During the 1960´s, the Swiss artist Françoise Grossen appeared on the American art scene at a pivotal moment. The trends that emerged during that era aiming to break with tradition and present other artistic forms, turned those years into a constant hotbed for ideas.

Having rejected the traditional working method of rectilinear weaving, she presented new works created with rope and in XL format, hanging and rope designs creating knots, loops and plaits. This work revealed a revolutionary proposal in art, transforming a material that had not been of great significance to date.

“Co-twisted” paper and starch by Tomoki Ishida

“Co-twisted” paper and starch by Tomoki Ishida

Alongside her work, other contemporary artists such as Eva Hesse, Sheila Hicks and Magdalena Abakanovicz, began to take an interest in and work using materials such as rope, chains or cables. These were times of profound change, during which these disciplines finally found a space within the complex and increasingly small world of art.

Suspension bridges and utilitarian structures along with all kinds of fibre objects, such as Peruvian “khipus” also known as “talking knots, forms of anchorage and knotting, and even the exoskeletons of insects, served as reference points for Françoise when creating her works. These pieces were not fanciful simply for the sake of it, but rather, loaded with a sense of aesthetics and internal uniformity.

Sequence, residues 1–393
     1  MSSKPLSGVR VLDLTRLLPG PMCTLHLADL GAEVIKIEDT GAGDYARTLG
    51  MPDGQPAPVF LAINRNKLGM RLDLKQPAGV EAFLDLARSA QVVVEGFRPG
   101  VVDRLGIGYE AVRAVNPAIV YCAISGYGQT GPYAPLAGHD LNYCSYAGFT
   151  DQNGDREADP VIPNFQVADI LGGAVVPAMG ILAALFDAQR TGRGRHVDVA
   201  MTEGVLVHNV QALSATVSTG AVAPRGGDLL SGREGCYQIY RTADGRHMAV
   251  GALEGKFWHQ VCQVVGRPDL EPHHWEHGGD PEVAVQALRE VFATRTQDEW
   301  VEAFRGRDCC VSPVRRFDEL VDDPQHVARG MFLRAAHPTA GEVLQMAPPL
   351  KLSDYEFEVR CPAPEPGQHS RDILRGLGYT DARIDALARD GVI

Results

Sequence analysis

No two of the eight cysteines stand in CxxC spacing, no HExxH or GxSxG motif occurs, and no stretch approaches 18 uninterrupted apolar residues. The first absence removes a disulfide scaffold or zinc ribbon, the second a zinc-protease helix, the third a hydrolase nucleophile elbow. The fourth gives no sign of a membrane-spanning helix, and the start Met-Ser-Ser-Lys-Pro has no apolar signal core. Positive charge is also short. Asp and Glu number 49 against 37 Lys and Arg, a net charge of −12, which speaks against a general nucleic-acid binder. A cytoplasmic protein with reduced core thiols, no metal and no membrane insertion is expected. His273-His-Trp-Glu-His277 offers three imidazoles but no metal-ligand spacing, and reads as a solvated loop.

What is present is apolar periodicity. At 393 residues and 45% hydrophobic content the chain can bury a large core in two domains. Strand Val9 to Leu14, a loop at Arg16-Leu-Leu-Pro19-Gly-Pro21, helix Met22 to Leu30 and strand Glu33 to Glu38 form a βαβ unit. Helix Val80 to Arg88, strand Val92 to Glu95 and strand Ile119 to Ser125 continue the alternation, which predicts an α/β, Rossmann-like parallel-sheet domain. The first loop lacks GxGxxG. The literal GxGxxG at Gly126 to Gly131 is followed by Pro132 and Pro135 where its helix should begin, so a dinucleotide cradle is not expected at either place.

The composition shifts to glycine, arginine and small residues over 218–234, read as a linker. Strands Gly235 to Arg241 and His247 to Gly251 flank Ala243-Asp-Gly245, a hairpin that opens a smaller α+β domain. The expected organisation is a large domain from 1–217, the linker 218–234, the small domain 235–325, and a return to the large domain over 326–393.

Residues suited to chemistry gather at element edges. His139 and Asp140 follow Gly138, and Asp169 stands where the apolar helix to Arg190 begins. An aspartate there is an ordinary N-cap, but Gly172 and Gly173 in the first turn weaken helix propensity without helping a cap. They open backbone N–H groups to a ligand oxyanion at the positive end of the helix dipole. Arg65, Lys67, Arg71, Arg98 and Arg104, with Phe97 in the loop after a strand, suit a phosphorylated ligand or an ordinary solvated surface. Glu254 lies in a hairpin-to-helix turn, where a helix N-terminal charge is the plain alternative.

“Patak au Perou” by Guy Houdouin and “No sound on the wind” by Lenore Tawney

“Patak au Perou” by Guy Houdouin and “No sound on the wind” by Lenore Tawney

Her methodical, accumulative and occasionally repetitive work was transformed into spectacular and delicate rope structures that she then turned into objects that also influenced the way that era was viewed. They were artistic pieces created using an apparently simple technique that required a lot of dedication and technical expertise.

“Shield” and “Swan”, works by Françoise Grossen

“Shield” and “Swan”, works by Françoise Grossen

The exhibition now on display includes some of the Swiss designer’s pieces that belong to the museum´s permanent collection, alongside other work from contemporary designers using materials such as metal, wool, rope and synthetic fibre. It is organised by Elissa Auther and the assistant Sophia Merkin.

“Construction” and “Symbiosis”, pieces by F. Grossen

“Construction” and “Symbiosis”, pieces by F. Grossen

Photos Courtesy of the artist and Blum & Poe/ Butcher Walsh/ John Bigelow Taylor/ Ed Watkins/ Eva Heyd/ MAD .
www.madmuseum.org

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